Thursday, July 28, 2011

Crossing Rebuilt

By Kathy Whaley

Sometimes man thinks he has solved a problem, then Mother Nature comes along, and in the blink of an eye, shows him he had better head back to the drawing board. Back to square one we go. This happened with the creek crossing at the end of Meadow Pond Trail. Long years ago, an old iron bridge made it possible to cross the creek and access more remote parts of the Refuge without driving the many extra miles around from the other side. After the bridge washed out, a different type of crossing was installed that allowed vehicles to drive across the creek bed on a firm surface. Unfortunately, this crossing was not adequately stabilized so it, too, washed away. During heavy rain events, this currently dry creek bed becomes a raging torrent of water– moving anything in its way.

This summer, with help from regional USFWS engineers and Refuge staff member Jay Noel, a much better designed and built crossing has been installed. A ramp of concrete with several feet of large rip-rap (stone) on each side now stretches completely across the creek. Even though this section of the Refuge is not open to the public for driving (visitors may, however, hike or bike in this area), it is important to Refuge staff for routine law enforcement patrols, access during prescribed burns, or as an available route for responding to a wildfire. Another positive from this project is that the contractor who installed the crossing for us was kind enough to dig all of the metal from the old bridge out of the creek - even though this was not part of their contract - and it is on its way to being recycled!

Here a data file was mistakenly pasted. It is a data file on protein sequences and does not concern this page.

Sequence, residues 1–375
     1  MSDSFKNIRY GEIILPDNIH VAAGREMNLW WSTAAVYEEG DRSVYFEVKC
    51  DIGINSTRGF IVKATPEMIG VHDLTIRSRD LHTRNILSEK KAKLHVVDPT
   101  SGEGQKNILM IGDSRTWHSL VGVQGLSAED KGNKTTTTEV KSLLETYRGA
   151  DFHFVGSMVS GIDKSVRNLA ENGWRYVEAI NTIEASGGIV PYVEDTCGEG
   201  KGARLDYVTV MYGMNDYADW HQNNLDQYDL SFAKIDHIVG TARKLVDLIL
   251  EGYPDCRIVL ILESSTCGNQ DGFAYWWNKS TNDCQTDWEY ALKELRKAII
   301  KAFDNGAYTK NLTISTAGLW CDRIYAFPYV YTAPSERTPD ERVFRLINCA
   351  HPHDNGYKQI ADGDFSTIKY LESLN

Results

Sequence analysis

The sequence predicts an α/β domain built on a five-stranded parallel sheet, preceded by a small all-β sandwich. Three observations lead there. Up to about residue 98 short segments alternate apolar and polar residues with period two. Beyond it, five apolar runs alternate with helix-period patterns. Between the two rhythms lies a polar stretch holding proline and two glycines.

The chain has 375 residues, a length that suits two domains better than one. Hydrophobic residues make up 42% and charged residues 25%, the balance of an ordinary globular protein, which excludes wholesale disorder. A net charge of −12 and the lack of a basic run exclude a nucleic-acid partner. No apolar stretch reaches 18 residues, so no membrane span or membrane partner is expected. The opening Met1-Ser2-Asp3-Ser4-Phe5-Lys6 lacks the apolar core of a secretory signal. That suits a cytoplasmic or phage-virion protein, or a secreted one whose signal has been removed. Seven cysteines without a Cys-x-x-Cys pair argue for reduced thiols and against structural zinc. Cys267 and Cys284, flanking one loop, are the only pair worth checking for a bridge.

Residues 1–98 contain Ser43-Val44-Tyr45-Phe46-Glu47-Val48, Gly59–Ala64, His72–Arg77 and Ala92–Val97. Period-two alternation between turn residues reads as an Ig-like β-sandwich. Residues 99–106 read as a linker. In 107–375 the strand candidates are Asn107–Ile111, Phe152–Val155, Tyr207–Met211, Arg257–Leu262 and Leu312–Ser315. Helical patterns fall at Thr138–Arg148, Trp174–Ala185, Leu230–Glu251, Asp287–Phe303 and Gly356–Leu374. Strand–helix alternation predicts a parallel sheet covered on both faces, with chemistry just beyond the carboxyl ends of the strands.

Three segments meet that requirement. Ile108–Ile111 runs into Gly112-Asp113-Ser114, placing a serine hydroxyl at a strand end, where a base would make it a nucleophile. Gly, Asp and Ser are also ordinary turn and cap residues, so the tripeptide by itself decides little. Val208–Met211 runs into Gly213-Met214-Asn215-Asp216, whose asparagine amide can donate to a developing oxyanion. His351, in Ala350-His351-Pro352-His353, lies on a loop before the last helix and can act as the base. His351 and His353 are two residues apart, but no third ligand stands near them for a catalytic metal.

We feel confident the new crossing will work perfectly as designed – but are still anxious to see it in action - if it ever rains again!

Photo by Wayne Meyer

To learn more about Hagerman National Wildlife Refuge, see the official website or

Thursday, July 21, 2011

New at Refuge - "Bluebird Buggy"

Visitors at Hagerman NWR these days may see a new vehicle rolling quietly along Harris Creek Trail once each week. The vehicle, an E-Z-Go, is dedicated to the monitoring of the Bluebird nest boxes along Harris Creek Trail, and was put into service July 15.

In keeping with the Refuge efforts to go green, the vehicle is electric powered. To charge the battery, an electrical cord is simply plugged into a charger in the Equipment Shed. The vehicle has good power for climbing grades and is simple to operate. There is minimum disturbance to wildlife while the vehicle is running. As a bonus for the monitors, it also fun to drive!